A memorial to the large number from St. Josaphat’s who served in both World Wars. It stands across the narrow street from the church, set into the hillside, with a statue of Christ displaying his Sacred Heart and welcoming us to stop and read the names. As you can guess from the names if you enlarge the picture, St. Josaphat’s was a Polish congregation.
Improbable houses on the Slopes, with a view of Oakland in the background.
The line between painted and unpainted on this long building is an artifact of its history. For most of its life this building was divided in two parts: the painted part was the convent, and the unpainted part the orphan asylum. More recently it has been a Franciscan retreat center known as the Burning Bush House of Prayer, whose somewhat archaic site tells us that the building was put up “in three stages, from 1887 to 1889.”
John T. Comès, one of our best ecclesiastical architects, accepted the challenge of an almost impossible site and came up with this distinctive design for a Polish parish. It was built between 1909 and 1916.
According to the South Side Slopes site, “The church closed permanently after a section of ceiling collapsed about the casket of the last caretaker during his funeral mass.” This is the sort of detail a novelist would invent and then throw out as too implausible for a sophisticated audience.
A good example of how a frame house can be restored to look very attractive without breaking the bank. The most important thing is to preserve the trim if at all possible, or to substitute new trim that has the same proportions as the old. This house in what we might call vernacular Second-Empire style is on Pius Street.
This little old firehouse, built in 1894 (according to the sign), has been lovingly restored as a private residence, complete with its own tower and a roof deck that must have a spectacular view. (Those yellow signs in the windows inform the world that the owner has official permission from the city to use a roof deck in his private residence.)
Update: The August 2023 Pittsburgh History and Landmarks Foundation newsletter informs us that the foundation has just awarded a Historic Lanmark plaque to this building. According to the PHLF, the architect was the prolific Charles Bickel. The architect responsible for turning it into a residence in 1982 was Sam Taylor.
On city planning maps, this part of the neighborhood is the South Side Slopes, but it is traditionally called “Arlington.”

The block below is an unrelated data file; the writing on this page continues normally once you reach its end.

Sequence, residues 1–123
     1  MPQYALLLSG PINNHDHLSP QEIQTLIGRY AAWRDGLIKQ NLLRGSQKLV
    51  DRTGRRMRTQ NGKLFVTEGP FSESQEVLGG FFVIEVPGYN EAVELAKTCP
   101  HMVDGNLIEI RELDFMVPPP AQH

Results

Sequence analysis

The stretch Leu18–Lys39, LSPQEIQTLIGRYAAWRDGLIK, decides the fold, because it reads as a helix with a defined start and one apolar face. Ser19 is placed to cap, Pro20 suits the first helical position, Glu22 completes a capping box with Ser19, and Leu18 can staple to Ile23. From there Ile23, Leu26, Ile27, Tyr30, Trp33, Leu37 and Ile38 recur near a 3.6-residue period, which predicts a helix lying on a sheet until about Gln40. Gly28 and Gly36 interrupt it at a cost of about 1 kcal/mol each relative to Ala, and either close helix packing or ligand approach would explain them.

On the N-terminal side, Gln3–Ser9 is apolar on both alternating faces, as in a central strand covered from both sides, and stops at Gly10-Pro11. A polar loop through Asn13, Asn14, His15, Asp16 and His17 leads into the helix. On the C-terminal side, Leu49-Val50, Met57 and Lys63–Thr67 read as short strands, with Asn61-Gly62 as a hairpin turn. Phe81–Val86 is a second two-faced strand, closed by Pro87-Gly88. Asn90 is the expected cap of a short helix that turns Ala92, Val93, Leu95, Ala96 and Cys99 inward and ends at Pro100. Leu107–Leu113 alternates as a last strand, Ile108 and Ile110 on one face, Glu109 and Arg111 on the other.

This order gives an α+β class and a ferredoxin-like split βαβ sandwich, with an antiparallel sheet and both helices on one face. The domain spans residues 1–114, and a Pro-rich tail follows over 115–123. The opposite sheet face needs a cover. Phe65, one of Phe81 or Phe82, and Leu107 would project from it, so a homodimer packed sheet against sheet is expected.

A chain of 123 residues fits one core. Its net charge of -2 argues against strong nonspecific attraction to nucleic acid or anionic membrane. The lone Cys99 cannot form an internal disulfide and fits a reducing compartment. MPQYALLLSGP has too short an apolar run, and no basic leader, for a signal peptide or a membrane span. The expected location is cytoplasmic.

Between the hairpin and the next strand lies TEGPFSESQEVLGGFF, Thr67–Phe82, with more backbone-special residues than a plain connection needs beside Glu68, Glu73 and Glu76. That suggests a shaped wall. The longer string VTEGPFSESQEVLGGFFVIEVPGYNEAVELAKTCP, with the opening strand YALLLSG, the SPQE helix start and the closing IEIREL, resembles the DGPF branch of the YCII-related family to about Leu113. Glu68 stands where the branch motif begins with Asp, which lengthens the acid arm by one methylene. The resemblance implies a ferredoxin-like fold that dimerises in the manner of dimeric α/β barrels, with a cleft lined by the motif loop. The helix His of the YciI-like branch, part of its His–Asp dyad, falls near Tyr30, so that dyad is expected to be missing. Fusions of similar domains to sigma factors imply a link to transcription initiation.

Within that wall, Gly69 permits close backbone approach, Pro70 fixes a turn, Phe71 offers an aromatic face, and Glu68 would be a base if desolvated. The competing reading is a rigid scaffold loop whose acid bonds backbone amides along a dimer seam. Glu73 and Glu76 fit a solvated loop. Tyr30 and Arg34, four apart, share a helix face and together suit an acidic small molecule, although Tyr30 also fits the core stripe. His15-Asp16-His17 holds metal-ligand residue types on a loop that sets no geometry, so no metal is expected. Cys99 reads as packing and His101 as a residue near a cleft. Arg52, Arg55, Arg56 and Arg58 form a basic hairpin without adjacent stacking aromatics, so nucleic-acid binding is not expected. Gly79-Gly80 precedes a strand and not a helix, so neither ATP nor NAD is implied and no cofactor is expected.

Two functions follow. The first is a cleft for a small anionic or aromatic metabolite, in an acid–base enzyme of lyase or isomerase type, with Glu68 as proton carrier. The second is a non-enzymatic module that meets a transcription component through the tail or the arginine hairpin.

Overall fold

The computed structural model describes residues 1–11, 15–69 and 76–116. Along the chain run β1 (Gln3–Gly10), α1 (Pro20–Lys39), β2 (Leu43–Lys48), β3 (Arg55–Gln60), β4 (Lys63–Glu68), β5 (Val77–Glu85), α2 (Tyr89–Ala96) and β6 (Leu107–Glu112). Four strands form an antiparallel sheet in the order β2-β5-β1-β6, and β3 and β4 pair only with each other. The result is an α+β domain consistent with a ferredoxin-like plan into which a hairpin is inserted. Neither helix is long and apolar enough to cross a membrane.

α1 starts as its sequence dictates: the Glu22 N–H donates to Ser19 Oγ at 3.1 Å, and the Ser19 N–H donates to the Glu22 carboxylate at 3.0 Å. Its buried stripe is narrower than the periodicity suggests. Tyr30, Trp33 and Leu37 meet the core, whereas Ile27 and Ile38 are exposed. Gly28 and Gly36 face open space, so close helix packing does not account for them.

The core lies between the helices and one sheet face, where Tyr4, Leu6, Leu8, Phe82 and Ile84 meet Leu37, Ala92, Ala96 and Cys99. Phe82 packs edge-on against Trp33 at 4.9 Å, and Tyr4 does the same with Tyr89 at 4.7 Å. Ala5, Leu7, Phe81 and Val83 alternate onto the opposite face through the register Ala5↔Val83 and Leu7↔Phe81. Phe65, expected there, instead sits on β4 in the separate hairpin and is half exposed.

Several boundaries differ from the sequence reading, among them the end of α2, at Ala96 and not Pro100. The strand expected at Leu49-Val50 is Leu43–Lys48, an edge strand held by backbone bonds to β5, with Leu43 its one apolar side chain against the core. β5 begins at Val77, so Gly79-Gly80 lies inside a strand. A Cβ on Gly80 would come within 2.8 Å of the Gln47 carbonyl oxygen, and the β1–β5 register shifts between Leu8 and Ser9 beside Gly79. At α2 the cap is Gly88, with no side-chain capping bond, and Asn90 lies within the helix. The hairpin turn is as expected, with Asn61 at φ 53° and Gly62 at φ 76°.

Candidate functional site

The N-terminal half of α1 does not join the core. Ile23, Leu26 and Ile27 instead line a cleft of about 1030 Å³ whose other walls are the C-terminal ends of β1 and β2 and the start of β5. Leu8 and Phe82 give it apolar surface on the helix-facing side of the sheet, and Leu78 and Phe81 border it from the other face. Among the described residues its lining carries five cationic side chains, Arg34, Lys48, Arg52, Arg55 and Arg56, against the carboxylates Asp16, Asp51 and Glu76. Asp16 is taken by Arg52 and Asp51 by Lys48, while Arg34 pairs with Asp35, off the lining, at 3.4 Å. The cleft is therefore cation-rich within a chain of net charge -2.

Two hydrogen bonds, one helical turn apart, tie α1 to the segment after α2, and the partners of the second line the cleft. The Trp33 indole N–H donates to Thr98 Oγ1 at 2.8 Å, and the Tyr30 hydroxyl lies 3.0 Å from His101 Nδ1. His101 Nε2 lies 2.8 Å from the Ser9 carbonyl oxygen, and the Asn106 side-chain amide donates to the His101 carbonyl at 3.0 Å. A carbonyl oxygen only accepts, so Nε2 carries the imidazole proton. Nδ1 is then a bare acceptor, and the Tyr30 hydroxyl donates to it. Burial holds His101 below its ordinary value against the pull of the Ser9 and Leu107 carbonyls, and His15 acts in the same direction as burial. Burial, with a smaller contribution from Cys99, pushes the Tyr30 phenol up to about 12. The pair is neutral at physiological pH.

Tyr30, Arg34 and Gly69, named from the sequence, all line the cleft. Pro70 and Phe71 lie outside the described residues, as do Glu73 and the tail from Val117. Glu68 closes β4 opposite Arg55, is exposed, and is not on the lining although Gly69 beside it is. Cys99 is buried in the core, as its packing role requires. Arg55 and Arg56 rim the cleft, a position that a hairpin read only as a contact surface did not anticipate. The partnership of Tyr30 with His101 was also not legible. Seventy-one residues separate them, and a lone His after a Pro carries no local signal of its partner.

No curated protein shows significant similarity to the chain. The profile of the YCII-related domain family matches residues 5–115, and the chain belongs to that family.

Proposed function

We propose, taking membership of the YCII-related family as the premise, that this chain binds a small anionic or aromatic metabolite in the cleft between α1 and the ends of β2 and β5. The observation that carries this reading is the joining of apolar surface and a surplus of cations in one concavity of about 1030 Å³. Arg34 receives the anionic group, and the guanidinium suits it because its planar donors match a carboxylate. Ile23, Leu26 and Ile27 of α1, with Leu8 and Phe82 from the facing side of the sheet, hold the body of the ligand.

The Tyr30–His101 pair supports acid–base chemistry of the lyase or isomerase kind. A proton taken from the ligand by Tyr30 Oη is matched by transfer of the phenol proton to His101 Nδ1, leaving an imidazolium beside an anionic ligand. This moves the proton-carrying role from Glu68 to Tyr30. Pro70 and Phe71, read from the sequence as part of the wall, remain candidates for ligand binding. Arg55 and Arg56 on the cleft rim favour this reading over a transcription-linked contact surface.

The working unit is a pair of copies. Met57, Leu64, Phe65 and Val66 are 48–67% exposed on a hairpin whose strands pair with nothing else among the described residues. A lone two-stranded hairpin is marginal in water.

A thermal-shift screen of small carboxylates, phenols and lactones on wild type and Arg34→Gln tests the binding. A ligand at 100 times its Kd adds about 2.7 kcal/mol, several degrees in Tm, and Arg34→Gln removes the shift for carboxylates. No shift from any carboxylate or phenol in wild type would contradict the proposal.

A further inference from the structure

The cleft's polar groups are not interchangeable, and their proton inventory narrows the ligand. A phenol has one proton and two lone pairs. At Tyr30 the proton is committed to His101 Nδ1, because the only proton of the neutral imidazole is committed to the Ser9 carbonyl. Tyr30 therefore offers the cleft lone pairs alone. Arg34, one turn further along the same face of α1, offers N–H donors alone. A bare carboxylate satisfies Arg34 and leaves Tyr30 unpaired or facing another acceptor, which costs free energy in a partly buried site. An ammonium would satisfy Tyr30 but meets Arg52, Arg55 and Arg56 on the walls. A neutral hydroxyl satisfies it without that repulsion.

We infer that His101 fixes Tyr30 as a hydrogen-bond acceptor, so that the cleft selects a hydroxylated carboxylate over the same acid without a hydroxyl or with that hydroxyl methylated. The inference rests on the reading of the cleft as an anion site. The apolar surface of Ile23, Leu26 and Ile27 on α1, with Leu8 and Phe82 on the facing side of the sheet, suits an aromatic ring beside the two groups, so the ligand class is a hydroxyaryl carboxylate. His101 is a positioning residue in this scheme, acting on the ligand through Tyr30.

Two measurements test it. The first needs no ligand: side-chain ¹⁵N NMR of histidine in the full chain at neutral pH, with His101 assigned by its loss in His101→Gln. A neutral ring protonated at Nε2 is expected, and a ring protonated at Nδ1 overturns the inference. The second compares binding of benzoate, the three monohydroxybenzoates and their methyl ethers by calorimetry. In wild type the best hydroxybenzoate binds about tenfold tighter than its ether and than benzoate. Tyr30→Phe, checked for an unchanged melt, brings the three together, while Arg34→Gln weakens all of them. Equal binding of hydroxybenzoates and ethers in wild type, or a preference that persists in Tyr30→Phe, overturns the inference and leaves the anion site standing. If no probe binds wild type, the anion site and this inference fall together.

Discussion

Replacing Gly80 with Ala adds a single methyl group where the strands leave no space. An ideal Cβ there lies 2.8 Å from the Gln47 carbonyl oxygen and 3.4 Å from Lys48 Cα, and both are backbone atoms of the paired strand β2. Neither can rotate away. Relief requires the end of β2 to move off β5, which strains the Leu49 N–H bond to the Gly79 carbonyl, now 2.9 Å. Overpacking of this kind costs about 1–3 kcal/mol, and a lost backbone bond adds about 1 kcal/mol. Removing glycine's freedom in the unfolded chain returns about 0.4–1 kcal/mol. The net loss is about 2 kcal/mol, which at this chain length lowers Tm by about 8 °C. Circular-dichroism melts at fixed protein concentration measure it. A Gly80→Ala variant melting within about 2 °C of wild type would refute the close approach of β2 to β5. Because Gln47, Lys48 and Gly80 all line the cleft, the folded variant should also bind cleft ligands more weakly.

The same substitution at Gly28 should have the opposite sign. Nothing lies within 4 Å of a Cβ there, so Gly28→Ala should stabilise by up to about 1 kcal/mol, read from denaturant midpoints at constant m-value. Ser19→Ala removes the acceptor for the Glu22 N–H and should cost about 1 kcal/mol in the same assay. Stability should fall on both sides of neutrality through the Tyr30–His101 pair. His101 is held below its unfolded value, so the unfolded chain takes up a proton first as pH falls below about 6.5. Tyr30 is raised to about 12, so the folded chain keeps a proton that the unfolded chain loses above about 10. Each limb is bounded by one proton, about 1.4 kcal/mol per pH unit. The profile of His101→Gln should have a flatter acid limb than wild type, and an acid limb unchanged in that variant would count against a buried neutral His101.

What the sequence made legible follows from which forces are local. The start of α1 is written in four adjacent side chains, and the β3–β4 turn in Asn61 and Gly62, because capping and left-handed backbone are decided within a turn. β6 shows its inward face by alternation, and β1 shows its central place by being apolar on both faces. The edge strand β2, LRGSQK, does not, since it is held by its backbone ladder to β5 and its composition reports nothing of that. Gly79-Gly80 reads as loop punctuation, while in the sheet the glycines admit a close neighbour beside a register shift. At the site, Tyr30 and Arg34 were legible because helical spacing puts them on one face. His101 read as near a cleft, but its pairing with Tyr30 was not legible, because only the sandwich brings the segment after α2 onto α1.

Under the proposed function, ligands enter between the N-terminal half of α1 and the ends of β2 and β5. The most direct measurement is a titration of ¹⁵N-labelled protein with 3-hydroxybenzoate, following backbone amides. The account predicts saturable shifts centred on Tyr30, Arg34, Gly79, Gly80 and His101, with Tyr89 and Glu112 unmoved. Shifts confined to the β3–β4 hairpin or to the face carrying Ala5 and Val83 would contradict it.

Like many ethnic churches, St. Michael’s, a German Catholic church on the South Side Slopes, was the center of a whole village of ethnic institutions. This was a German girls’ school. The building will eventually disappear, but it has sat in this decrepit state for many years now. You can find photographs on line of the wreckage of the once-magnificent interior; old Pa Pitt is not enough of an urban adventurer to risk trespassing charges and serious injury to bring you such pictures himself.
Perhaps in an expensive neighborhood this building would find a use, but this neighborhood is not likely to become expensive enough to repay the several million dollars it would probably cost to rescue a school of this size.
Curiously, the girl’s school was much larger and more magnificent than the boys’ school. That building, next door, was clumsily and unsympathetically converted to apartments some years ago; the conversion itself is already showing its age.
This stairway at the end of 15th Street, South Side, takes pedestrians up to a bridge over the railroad, and then to a stairway up into the South Side Slopes.
St. Michael’s is one of our earliest grand Romanesque churches, finished in 1861. It was designed for a German congregation by the German-born Charles F. Bartberger, who gave us a number of other distinguished ecclesiastical buildings. (He is often confused with Charles M. Bartberger, his son, who gave us a number of distinguished schools.) It was one of the first churches around here to be made into condominium apartments, so it is now preserved as the Angel’s Arms.
It was a rainy day today, and if you enlarge the picture you can pick out the falling raindrops.
Note the date over this side door.
The rectory, which is attached to the eastern end of the church, was built in 1890 and designed by another distinguished German Pittsburgh architect: Frederick Sauer, who gave us many fine churches and the whimsical Sauer Buildings in Aspinwall. Here he has created a very German Romanesque building that harmonizes well with the older church.
A very German corner dome.
Exceptionally fine carved foliage at the entrance to the rectory.
Update: Thanks to Donna Gunton (see the comment below), we know that this was a Polish hall often used for political meetings and other social events. In 1921, when the hall was built, Poland had just been reestablished as an independent country for the first time since 1795, so the name “Liberty Hall” must have occurred naturally to Polish immigrants.
The original article is preserved below so that you can see how far old Pa Pitt was wrong and how close he came to being right.
Old Pa Pitt would be delighted if someone could tell him something of the history of this building. He knows that it was put up in 1921, because the date is proudly displayed at the top of the building. He suspects, from the look of the building and from some random chatter on the Internet, that it was an ethnic club, possibly Serbian—but that is speculation. Technically it is on the Slopes side of the railroad that separates the South Side Flats from the South Side Slopes, but this lower part of the Slopes seems to be socially more connected to the East European Flats than to the German streets above. About fifteen years ago, Liberty Hall was briefly a nightclub; it closed in less than a year, and neighbors rallied to prevent it from opening again. And that is all Father Pitt knows, so he would be happy to hear from someone better informed.